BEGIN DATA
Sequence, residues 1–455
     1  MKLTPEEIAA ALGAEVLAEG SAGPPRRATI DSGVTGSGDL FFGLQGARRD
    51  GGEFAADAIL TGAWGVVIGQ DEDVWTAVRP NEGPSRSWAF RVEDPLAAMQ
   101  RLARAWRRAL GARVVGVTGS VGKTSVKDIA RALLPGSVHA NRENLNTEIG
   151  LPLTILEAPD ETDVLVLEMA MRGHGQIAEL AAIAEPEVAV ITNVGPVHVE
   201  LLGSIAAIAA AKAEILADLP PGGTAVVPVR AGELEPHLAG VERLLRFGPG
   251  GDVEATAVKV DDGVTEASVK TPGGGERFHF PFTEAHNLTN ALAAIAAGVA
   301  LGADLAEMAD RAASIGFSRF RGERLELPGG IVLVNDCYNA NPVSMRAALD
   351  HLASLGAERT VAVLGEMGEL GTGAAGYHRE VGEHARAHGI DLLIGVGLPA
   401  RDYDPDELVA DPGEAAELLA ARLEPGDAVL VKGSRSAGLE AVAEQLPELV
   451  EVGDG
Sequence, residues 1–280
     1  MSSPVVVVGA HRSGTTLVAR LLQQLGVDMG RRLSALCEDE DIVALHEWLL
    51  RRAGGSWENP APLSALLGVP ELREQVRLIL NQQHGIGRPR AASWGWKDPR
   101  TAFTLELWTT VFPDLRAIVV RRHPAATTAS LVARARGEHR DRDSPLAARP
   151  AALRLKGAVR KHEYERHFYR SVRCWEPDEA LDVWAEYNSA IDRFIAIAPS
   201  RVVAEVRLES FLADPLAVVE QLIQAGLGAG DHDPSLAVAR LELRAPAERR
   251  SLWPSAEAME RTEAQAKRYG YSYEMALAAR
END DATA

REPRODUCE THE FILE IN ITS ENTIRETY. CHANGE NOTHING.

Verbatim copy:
Sequence, residues 1–455
     1  MKLTPEEIAA ALGAEVLAEG SAGPPRRATI DSGVTGSGDL FFGLQGARRD
    51  GGEFAADAIL TGAWGVVIGQ DEDVWTAVRP NEGPSRSWAF RVEDPLAAMQ
   101  RLARAWRRAL GARVVGVTGS VGKTSVKDIA RALLPGSVHA NRENLNTEIG
   151  LPLTILEAPD ETDVLVLEMA MRGHGQIAEL AAIAEPEVAV ITNVGPVHVE
   201  LLGSIAAIAA AKAEILADLP PGGTAVVPVR AGELEPHLAG VERLLRFGPG
   251  GDVEATAVKV DDGVTEASVK TPGGGERFHF PFTEAHNLTN ALAAIAAGVA
   301  LGADLAEMAD RAASIGFSRF RGERLELPGG IVLVNDCYNA NPVSMRAALD
   351  HLASLGAERT VAVLGEMGEL GTGAAGYHRE VGEHARAHGI DLLIGVGLPA
   401  RDYDPDELVA DPGEAAELLA ARLEPGDAVL VKGSRSAGLE AVAEQLPELV
   451  EVGDG
Sequence, residues 1–280
     1  MSSPVVVVGA HRSGTTLVAR LLQQLGVDMG RRLSALCEDE DIVALHEWLL
    51  RRAGGSWENP APLSALLGVP ELREQVRLIL NQQHGIGRPR AASWGWKDPR
   101  TAFTLELWTT VFPDLRAIVV RRHPAATTAS LVARARGEHR DRDSPLAARP
   151  AALRLKGAVR KHEYERHFYR SVRCWEPDEA LDVWAEYNSA IDRFIAIAPS
   201  RVVAEVRLES FLADPLAVVE QLIQAGLGAG DHDPSLAVAR LELRAPAERR
   251  SLWPSAEAME RTEAQAKRYG YSYEMALAAR